# Sunday, 29 April 2007

Hi again..

I am here again with the same issue, and this is because a long conversation that I had with Oren Ellenbogen (ex. co-worker) about some extending and refactoring of the former post solution (you can see it here if you missed it).

The main goal in the Session/Application objects encapsulation was the ability of avoiding casting each time that we would use these objects, this is annoying especially we uses the specific object in most of the flows of the application.
The other goal is getting the ability of managing these objects in one centered place.

NOW, some extesibility...
This object need to be maintened everytime that we want to add a new session/application object. Good usage of generics will solve this problem -> this will bring up the ability of adding new objects everywhere that we'll want (example in the continuance...).

So, look at the following implemetation:

public static class SessionRepository
   public static bool IsExist(string objectKey)
      return HttpContext.Current.Session[objectKey] != null;

   public static TObject GetInstance<TObject>(string objectKey)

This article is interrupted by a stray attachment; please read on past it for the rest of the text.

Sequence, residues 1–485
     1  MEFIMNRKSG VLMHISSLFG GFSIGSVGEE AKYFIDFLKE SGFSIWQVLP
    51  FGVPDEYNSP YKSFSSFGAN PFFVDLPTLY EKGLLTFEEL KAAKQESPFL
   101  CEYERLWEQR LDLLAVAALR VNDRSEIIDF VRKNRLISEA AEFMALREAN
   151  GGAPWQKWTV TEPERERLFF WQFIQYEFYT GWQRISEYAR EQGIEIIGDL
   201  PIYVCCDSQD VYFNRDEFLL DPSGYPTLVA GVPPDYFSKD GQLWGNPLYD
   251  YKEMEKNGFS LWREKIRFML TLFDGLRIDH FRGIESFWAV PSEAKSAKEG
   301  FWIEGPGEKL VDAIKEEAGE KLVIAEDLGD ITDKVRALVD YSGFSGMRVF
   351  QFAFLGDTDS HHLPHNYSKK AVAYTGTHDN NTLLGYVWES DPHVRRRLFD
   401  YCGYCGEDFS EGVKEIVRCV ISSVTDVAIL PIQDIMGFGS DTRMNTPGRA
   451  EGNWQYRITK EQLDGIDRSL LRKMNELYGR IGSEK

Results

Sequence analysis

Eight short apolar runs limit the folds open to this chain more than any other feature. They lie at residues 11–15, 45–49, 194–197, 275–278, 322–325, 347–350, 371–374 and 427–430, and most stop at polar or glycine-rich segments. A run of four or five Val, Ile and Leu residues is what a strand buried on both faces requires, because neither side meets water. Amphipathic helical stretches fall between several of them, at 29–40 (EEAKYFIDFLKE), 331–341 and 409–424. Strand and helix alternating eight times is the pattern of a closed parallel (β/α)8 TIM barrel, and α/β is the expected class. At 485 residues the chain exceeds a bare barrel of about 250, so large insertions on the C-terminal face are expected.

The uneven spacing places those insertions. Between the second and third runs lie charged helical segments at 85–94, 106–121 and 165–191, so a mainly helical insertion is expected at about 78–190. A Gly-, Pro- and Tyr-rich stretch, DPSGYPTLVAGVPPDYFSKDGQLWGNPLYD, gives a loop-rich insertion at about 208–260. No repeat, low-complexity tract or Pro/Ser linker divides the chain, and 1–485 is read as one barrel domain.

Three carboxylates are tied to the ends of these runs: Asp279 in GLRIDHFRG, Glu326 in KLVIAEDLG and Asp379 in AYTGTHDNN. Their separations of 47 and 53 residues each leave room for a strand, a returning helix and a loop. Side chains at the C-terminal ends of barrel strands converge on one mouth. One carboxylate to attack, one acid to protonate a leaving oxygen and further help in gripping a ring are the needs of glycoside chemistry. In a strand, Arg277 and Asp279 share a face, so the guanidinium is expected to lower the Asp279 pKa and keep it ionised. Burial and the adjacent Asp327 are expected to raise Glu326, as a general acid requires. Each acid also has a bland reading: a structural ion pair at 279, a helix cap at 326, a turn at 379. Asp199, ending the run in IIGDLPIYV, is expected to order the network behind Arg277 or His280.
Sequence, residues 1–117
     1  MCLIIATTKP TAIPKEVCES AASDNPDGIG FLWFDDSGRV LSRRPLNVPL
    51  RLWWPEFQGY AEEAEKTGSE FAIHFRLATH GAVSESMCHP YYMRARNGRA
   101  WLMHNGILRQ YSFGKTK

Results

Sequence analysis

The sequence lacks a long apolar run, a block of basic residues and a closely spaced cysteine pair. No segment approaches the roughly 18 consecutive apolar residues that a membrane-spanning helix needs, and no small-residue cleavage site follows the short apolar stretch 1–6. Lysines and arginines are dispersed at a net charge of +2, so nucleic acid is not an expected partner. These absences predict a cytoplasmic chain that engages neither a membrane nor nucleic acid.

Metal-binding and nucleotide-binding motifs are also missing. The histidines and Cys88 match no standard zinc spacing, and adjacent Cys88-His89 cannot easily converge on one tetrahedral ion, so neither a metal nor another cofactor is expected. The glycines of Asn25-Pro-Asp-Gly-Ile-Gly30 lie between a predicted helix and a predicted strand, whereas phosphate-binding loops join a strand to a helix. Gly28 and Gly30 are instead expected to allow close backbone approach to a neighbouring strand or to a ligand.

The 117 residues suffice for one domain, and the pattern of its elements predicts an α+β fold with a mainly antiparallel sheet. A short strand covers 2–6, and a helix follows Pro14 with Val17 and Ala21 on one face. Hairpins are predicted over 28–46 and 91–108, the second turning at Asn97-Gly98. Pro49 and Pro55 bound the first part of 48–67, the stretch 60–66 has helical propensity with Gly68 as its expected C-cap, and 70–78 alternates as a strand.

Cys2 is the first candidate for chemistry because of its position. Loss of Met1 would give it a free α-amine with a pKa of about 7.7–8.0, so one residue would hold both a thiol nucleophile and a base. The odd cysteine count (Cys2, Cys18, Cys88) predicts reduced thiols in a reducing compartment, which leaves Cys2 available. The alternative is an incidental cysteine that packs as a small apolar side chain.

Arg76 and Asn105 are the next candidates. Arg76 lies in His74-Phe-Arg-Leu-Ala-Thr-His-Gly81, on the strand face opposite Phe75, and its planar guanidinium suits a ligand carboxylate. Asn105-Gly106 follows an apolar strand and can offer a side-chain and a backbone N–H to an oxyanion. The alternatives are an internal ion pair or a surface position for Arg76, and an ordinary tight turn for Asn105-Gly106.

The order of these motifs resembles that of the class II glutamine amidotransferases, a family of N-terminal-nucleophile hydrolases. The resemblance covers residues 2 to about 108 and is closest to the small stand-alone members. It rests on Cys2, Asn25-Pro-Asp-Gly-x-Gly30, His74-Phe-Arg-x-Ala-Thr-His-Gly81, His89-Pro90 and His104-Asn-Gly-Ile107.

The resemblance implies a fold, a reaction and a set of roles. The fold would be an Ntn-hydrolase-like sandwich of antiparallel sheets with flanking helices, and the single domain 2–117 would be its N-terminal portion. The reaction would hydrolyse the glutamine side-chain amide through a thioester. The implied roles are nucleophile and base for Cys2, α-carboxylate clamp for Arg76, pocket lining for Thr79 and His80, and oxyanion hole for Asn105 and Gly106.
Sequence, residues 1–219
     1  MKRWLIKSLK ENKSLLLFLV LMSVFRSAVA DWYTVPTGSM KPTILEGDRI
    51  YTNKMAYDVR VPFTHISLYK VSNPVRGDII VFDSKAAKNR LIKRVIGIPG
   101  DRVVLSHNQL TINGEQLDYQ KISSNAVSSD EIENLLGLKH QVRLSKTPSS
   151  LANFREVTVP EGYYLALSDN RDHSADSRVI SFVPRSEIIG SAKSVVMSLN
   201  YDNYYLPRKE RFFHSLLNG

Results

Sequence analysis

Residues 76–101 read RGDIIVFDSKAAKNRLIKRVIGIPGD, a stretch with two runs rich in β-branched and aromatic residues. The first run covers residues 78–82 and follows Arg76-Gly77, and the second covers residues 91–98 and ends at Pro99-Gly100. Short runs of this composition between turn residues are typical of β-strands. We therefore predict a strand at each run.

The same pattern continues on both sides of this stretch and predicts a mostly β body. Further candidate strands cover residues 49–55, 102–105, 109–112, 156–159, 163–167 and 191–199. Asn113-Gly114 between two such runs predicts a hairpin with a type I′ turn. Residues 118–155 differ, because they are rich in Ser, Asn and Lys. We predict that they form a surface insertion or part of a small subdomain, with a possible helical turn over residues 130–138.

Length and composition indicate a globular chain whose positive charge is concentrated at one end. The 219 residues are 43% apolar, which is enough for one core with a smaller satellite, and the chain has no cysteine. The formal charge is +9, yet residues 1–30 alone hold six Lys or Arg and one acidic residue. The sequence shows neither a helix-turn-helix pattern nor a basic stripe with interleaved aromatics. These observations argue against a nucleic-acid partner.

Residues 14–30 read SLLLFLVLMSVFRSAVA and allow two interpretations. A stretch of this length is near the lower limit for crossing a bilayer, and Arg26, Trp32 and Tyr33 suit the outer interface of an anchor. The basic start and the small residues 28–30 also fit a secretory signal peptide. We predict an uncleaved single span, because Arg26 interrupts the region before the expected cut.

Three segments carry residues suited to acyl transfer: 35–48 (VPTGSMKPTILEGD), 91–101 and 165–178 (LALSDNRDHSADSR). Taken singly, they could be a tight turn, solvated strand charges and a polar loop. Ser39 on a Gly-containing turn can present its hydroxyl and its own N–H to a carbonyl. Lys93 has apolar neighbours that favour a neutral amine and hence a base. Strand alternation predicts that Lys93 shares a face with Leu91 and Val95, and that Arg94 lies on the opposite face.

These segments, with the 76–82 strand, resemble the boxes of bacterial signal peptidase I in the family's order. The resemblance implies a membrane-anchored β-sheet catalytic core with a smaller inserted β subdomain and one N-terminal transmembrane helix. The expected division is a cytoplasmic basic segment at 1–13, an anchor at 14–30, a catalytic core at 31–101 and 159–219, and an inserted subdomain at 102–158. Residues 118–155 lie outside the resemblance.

return (TObject)HttpContext.Current.Session[objectKey];

   public static void Add<TObject>(string objectKey, TObject obj)
      HttpContext.Current.Session.Add(objectKey, obj);

Some usage:

if (SessionRepository.IsExist("SomeObjectKey"))
   SomeObject obj = SessionRepository.GetInstance<SomeObject>("SomeObjectKey");

   // Do your things...

SessionRepository.Add<SomeObject>("SomeObjectKey", SomeObject);

This way of implementation comes to help us with the casting issue and it gives up extensibilty options. I think that there is a small disadventage here - we also need to remeber the keys of the objects in the session object - but there is nothing perfect.


  1. Both of the solutions are good and each has each advantages/disadventages, you can prefer the best way of using.
  2. The first way (shown in the former post) enables you a direct access to the object stays in the session/application, but need to be managed for each time we want to add new object into the session/application.